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Do’s and Don’ts of Custody Litigation: Child Custody Advice

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Going to court over custody of your children can be one of the most stress inducing situations a parent could ever imagine. Maybe you are going through a divorce and you never imagined yourself needing to do this. Or, perhaps this is a situation you thought to be inevitable and now find yourself in need of some legal assistance. Whatever the case, here are some tips to help you navigate the situation.

DO Keep the Kids in Mind.

This may seem obvious, however, this fact is almost always the first to get fuzzy. A broken relationship is the culprit to most custody battles and the fight quickly becomes about revenge. Your ex-partner may not have been the right fit for you, but they will always be a part of your child. Below is a link to the American Bar Association’s Guide for making child centered decisions. It is a guide for judges, but provides great information to base your case on.

http://apps.americanbar.org/legalservices/probono/childcustody/judges_guide.pdf

DON’T Fail To Prepare

Preparing for your custody case is extremely important. Make sure you understand the direction that you and your lawyer are going. Ask questions, take notes. You can never be too understanding of the terms and conditions that are available to you. To get you started here is some information on the most commonly asked questions about custody hearings: http://www.fresno.courts.ca.gov/family/fcs_assets/Child%20Custody%20FAQs.pdf

DON’T Take the Bait

Stand firm in what you want for your case. Many times temporary “trial” solutions become permanent, creating more court time and longer in-between phases. For example, here are some tips on getting full custody of the children: don’t agree to a temporary 50-50 custody. Make sure that you feel comfortable enough in your situation so that you don’t wind up back in court trying to reverse what you agreed to.

DON’T Fabricate Claims About Children

It might seem like a good idea to create situations within your child’s life that beg your personal attention however, stating this in court might do more harm than help. Even if your child is more attached to you, stating reasons for this might provide the court with reason to believe your relationship is overbearing, controlling and in some cases a parental alienator.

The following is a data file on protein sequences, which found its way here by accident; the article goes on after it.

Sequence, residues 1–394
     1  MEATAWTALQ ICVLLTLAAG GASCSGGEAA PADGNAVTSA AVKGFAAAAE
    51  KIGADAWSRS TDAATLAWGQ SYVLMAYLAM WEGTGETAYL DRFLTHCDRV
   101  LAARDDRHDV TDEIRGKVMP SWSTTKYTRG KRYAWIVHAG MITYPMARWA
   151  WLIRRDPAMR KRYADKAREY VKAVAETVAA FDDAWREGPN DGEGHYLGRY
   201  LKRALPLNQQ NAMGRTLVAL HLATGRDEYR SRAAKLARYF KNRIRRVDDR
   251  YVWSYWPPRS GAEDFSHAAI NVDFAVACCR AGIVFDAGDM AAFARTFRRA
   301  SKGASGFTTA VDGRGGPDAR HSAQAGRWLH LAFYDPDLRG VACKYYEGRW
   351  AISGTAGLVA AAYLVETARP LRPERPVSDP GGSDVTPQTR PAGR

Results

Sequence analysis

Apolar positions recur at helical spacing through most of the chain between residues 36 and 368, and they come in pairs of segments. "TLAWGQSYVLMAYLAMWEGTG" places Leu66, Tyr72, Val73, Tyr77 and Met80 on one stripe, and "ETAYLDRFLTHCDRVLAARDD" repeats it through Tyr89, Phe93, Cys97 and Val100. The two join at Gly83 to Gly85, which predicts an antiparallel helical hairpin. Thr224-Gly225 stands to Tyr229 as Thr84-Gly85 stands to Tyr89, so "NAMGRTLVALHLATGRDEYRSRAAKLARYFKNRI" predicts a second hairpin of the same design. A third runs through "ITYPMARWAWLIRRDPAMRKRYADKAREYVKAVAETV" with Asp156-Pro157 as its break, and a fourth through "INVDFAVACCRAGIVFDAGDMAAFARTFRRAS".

DO Choose an Honest Lawyer

Deciding on a lawyer who is constantly in agreement with you could seem comforting, but the truth matters. Choosing a lawyer who will tell you everything you need to know sometimes means that they will say things you don’t necessarily want to hear, but this is truly the best kind of child custody legal advice. This is important; this is also a good lawyer’s job. Find someone who cares about your case enough to inform you when you are wrong. You can find your local directory through the American Bar Association’s lawyer referral directory here:

http://apps.americanbar.org/legalservices/lris/directory/

DO Comply With Court Orders

Whether you like the orders or not, it does not hold up well in court to be insubordinate. File appeals when you need to, but do not fail to comply. Seek clarification in court, ask questions so that you are 100% certain of your limitations and allowances.  Also, don’t make the mistake of only following orders when your ex-partner has upset you. This is a strong argument that can be used against the integrity and quality of your parenting.

DON’T Wait Until Things “Go Bad”

It may seem like a good idea to keep your split out of the courts however, even an amicable divorce can go through times of trouble. Keep in mind that what may be working right now could change. What if your ex-spouse decides to move out of town? Out of state? What if they lose their job?  Don’t be afraid to bring up the necessity of court as these uncertainties could leave you kicking yourself and scrambling for a last minute order.

DO Have Evidence

Accusations without solid back-up are just ways to ruin your own credibility. Document specifics, take photos, write down dates and times. Communicate in e-mail or text message. Record your conversations. Do the work in order to provide sufficient evidence for your claims. Knowing just what to document is a good start. Here are some ideas of important things to document:

http://www.divorcesource.com/ds/california/documentation-in-child-custody-cases-4350.shtml

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